Despite all of this, Americans choose, for the most part, not to elect women to represent them in government. Maybe Americans do not want women as representatives? Maybe Americans are not even conscious of such decisions? Maybe Americans are not self-actualized to this existence? Maybe Americans are not self-actualized to this continuous habit of voting mostly for men? And most importantly, maybe Americans are not aware of the value of women? In Sweden, this political event to vote for women or men is not a choice. This decision is made by the parties and the parties have decided that those women who decide to serve the public will be supported.

Is there a difference between Sweden and the United States when it comes to women in mid-level and executive positions in the market place? According to Alice H. Eagly in Through the Labyrinth: The Truth About How Women Become Leaders, there is a difference between the relative number of women at the mid-level management position versus the executive level in the United States. As Alice explains,

Women’s employment in the United States has shown the greatest increase in managerial and administrative occupations…[There is an] increase for the years 1983 through 2006, with a leveling off at around 42 percent…A substantial number of women hold middle management positions in large corporations, but relatively few are executives…women occupy 16 percent fo the executive positions [of the Fortune 500].

Sweden in this case is not much different. What is different about Sweden is the acknowledgment of the difference, its self-actualization, and what to do about it, its solution.

Oscar Ernerot of LO-Sweden during a visit with the students of the Global Leadership program at Iowa State University stated that women in Sweden are well represented at the middle management level but are still greatly lagging behind at the high levels of leadership. Oscar even recognized its own imbalance at its board level, which is 75 percent male. Oscar also stated that gender is at the foundation of their philosophy and thus the LO takes a feminist position.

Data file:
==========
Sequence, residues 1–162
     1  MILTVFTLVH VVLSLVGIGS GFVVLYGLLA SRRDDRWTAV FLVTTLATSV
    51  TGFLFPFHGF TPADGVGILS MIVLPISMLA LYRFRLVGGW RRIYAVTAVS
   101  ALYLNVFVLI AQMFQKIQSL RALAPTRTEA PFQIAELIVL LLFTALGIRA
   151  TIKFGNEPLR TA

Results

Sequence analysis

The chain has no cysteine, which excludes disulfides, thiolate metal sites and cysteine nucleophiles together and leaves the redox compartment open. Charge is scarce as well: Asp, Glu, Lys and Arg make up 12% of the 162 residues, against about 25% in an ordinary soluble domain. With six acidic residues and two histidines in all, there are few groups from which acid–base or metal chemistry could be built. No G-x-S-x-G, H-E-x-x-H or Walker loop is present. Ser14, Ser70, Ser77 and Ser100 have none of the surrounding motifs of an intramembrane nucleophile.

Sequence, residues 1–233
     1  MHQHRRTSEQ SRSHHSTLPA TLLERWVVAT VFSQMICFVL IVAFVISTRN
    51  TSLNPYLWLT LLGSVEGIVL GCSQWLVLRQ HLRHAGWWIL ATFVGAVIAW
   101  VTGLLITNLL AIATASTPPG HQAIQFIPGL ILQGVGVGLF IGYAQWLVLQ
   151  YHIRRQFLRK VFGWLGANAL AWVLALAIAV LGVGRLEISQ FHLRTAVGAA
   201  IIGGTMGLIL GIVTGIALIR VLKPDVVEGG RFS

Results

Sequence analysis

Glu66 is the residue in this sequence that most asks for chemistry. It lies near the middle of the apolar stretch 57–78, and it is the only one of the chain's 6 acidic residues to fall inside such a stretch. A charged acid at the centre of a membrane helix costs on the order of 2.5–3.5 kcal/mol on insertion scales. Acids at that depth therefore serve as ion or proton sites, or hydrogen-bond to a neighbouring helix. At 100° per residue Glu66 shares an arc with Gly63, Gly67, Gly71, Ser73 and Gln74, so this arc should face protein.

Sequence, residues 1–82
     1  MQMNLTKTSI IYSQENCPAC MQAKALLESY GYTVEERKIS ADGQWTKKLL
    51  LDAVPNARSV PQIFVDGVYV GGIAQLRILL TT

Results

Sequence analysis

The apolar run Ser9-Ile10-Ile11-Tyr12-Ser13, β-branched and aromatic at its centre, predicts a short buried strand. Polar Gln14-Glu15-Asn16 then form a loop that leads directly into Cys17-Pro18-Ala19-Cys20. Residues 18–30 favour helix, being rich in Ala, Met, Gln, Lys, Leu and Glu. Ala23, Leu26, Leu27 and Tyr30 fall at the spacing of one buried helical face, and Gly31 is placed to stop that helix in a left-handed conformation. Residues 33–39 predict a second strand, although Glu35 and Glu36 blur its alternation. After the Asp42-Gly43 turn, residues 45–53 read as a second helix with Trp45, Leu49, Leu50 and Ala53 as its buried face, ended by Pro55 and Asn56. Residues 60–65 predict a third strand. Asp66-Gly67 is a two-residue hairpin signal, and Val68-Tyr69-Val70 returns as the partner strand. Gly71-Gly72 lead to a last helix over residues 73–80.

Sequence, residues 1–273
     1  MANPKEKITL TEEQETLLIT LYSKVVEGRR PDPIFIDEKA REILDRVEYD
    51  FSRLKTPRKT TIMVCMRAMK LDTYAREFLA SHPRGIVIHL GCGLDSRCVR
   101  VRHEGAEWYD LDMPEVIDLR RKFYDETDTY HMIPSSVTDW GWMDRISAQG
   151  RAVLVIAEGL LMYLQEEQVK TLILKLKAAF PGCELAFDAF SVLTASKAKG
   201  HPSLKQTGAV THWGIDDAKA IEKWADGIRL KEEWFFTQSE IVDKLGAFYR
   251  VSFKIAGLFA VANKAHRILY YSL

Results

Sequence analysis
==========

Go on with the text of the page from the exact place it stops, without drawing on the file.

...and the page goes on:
What solution does Oscar and LO propose? They are admittedly not sure. They recognize that women stall at the middle management level. They recognize that male leaders take on younger males, or other males, to prepare for leadership, which perpetuates the male pipeline of leadership to the top. They also recognize that this mentorship amongst men takes place at greater rates, which is one of the many reasons for the continuous discrepancy in leadership rates between men and women at executive positions. The question is what to do about it. The LO is not sure at this time and they are okay with it because they have not stopped looking for a solution, or solutions.

So what does this mean for feminism? What does this mean for feminism in the United States? Clearly, feminists have many allies in Sweden. The Swedish Trade Union Confederation, LO-Sweden, which is a major labor organization in Sweden and an influential labor organization abroad in at least a dozen countries takes a feminist position. The Ministry of Foreign Affairs in Sweden declares and practices a feminist agenda. In addition, Magnus Björk, External Cooperation Advisor of Forum Syd, at a meeting with the students from the Global Leadership Program, Iowa State University, stated

Sweden officially has a feminist foreign policy…[For example, when it comes to Burma and its reemergence], who is sitting at the table? 99.9 percent of the [participants] are men.

Needless to say, Magnus and Forum Syd take a feminist position. However, in the United States, feminism is a dirty word. Feminists are either viewed as “shrill, shrieking shrews,” and/or emasculators of men. In addition, feminists are viewed as being lesbians. First, this implies that lesbians are wretched like feminists as if feminists are also wretched. And second, the connotation perpetuates further ingroup and outgroup dynamics which perpetuates an unsafe and depressive environment for those feminists and members of the LBGT community. It further negates political legitimacy and philosophies against the system. In other words, feminists are not a part of the mainstream and lesbians are not a part of the mainstream; therefore, they are both leftist radical movements bent on the distruction of the system of American freedom. This conversation does not happen in Sweden which says a lot about the United States.

A Decades Fight

A Decades Fight